Chapter IV. Ugogo, and the Wilderness of Mgunda Mkhali
The Lie of the Country - Rhinoceros-Stalking - Scuffle of Villagers over a Carcass - Chief "Short-Legs" and His Successors - Buffalo- Shooting - Getting Lost - A Troublesome Sultan - Desertions from the Camp - Getting Plundered - Wilderness March - Diplomatic Relations with the Local Powers - Manua Sera's Story - Christmas - The Relief from Kaze
This day's work led us from the hilly Usagara range into the more level lands of the interior. Making a double march of it, we first stopped to breakfast at the quiet little settlement of Inenge, where cattle were abundant, but grain so scarce that the villagers were living on calabash seeds. Proceeding thence across fields delightfully checkered with fine calabash and fig trees, we marched, carrying water through thorny jungles, until dark, when we bivouacked for the night, only to rest and push on again next morning, arriving at Marenga Mkhali (the saline water) to breakfast. Here a good view of the Usagara hills is obtained. Carrying water with us, we next marched half-way to the first settlement of Ugogo, and bivouacked again, to eat the last of our store of Mbumi grain.
At length the greater famine lands had been spanned; but we were not in lands of plenty - for the Wagogo we found, like their neighbours Wasagara, eating the seed of the calabash, to save their small stores of grain.
The East Coast Range having been passed, no more hills had to be crossed, for the land we next entered on is a plateau of rolling ground, sloping southward to the Ruaha river, which forms a great drain running from west to east, carrying off all the rainwaters that fall in its neighbourhood through the East Coast Range to the sea. To the northward can be seen some low hills, which are occupied by Wahumba, a subtribe of the warlike Masai; and on the west is the large forest-wilderness of Mgunda Mkhali. Ugogo, lying under the lee side of the Usagara hills, is comparatively sterile. Small outcrops of granite here and there poke through the surface, which, like the rest of the rolling land, being covered with bush, principally acacias, have a pleasing appearance after the rains have set in, but are too brown and desert-looking during the rest of the year. Large prairies of grass also are exposed in many places, and the villagers have laid much ground bare for agricultural purposes.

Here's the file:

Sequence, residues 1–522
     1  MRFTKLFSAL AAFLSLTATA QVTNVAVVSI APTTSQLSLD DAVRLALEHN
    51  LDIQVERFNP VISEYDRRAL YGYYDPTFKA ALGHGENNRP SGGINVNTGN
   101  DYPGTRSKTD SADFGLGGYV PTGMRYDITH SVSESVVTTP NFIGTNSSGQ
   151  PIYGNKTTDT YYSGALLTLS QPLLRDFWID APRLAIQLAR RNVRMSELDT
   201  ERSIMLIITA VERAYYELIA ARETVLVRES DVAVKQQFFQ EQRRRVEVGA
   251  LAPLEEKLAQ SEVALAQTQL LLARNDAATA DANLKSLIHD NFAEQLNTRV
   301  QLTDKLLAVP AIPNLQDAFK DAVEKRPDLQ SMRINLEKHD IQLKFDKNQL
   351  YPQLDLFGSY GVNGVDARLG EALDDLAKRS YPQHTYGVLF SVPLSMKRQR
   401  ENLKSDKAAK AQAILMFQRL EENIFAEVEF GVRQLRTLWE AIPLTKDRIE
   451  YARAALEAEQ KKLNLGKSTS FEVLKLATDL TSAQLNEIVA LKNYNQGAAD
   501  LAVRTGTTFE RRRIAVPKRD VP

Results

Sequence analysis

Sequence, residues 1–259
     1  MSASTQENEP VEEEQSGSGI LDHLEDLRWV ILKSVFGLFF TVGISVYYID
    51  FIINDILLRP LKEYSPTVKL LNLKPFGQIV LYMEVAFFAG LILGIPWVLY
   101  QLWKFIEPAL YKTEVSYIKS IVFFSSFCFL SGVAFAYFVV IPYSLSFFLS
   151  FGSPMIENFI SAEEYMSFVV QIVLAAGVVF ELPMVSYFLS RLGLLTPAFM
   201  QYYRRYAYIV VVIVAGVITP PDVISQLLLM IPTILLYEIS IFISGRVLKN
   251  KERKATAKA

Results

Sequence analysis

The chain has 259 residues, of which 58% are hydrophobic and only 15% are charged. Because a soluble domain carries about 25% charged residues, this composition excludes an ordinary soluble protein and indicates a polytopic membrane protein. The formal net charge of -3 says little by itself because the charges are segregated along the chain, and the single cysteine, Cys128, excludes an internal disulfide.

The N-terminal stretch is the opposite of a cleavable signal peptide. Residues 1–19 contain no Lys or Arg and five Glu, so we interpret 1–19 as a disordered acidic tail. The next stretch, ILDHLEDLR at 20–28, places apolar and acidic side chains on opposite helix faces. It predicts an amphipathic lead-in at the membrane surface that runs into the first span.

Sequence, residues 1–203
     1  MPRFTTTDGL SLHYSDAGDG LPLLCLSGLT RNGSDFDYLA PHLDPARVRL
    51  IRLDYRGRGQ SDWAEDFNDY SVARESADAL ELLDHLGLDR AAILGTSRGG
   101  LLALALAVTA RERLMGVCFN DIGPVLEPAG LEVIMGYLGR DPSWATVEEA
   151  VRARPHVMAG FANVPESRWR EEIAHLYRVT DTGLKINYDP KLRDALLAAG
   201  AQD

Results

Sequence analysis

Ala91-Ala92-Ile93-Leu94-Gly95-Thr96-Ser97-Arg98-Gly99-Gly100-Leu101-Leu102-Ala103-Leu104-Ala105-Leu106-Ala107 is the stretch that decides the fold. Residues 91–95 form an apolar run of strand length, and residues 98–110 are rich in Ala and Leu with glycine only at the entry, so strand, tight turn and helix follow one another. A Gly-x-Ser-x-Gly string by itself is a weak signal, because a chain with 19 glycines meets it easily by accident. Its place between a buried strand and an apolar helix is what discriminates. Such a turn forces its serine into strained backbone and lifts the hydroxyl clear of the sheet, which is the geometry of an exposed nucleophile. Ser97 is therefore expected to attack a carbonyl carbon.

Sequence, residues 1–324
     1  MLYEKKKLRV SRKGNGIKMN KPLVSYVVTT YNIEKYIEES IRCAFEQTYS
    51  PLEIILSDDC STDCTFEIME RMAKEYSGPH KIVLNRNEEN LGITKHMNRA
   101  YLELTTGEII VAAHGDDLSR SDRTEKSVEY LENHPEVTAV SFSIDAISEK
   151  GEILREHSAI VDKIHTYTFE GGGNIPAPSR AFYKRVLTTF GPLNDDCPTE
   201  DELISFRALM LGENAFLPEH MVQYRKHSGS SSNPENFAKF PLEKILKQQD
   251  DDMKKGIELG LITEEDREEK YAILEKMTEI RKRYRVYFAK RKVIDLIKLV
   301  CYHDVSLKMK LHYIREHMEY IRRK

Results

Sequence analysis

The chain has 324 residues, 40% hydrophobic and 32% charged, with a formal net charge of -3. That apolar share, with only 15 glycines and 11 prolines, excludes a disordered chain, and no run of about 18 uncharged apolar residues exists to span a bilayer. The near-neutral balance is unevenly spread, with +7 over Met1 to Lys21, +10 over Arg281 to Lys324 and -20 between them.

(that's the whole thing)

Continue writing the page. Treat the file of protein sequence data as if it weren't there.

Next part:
Altogether, Ugogo has a very wild aspect, well in keeping with the natives who occupy it, who, more like the Wazaramo than the Wasagara, carry arms, intended for use rather than show. The men, indeed, are never seen without their usual arms - the spear, the shield, and the assage. They live in flat-topped, square, tembe villages, wherever springs of water are found, keep cattle in plenty, and farm enough generally to supply not only their own wants, but those of the thousands who annually pass in caravans. They are extremely fond of ornaments, the most common of which is an ugly tube of the gourd thrust through the lower lobe of the ear. Their colour is a soft ruddy brown, with a slight infusion of black, not unlike that of a rich plum. Impulsive by nature, and exceedingly avaricious, they pester travellers beyond all conception, by thronging the road, jeering, quizzing, and pointing at them; and in camp, by intrusively forcing their way into the midst of the kit, and even into the stranger's tent. Caravans, in consequence, never enter their villages, but camp outside, generally under the big "gouty-limbed" trees - encircling their entire camp sometimes with a ring-fence of thorns to prevent any sudden attack.
To resume the thread of the journey: we found, on arrival in Ugogo, very little more food than in Usagara for the Wagogo were mixing their small stores of grain with the monkey-bread seeds of the gouty-limbed tree. Water was so scarce in the wells at this season that we had to buy it at the normal price of country beer; and, as may be imagined where such distress in food was existing, cows, goats, sheep, and fowls were also selling at high rates.
Our mules here gave us the slip again, and walked all the way back to Marenga Mkhali, where they were found and brought back by some Wagogo, who took four yards of merikani in advance, with a promise of four more on return, for the job - their chief being security for their fidelity. This business detained us two days, during which time I shot a new variety of florikan, peculiar in having a light blue band stretching from the nose over the eye to the occiput. Each day, while we resided here, cries were raised by the villagers that the Wahumba were coming, and then all the cattle out in the plains, both far and near, were driven into the village for protection.
At last, on the 26th, as the mules were brought it, I paid a hongo or tax of four barsati and four yards of chintz to the chief, and departed, but not until one of my porters, a Mhehe, obtained a fat dog for his dinner; he had set his heart on it, and would not move until he had killed it, and tied it on to his load for the evening's repast. Passing through the next villages - a collection called Kifukuro - we had to pay another small tax of two barsati and four yards of chintz to the chief. There we breakfasted, and pushed on, carrying water to a bivouac in the jungles, as the famine precluded our taking the march more easily.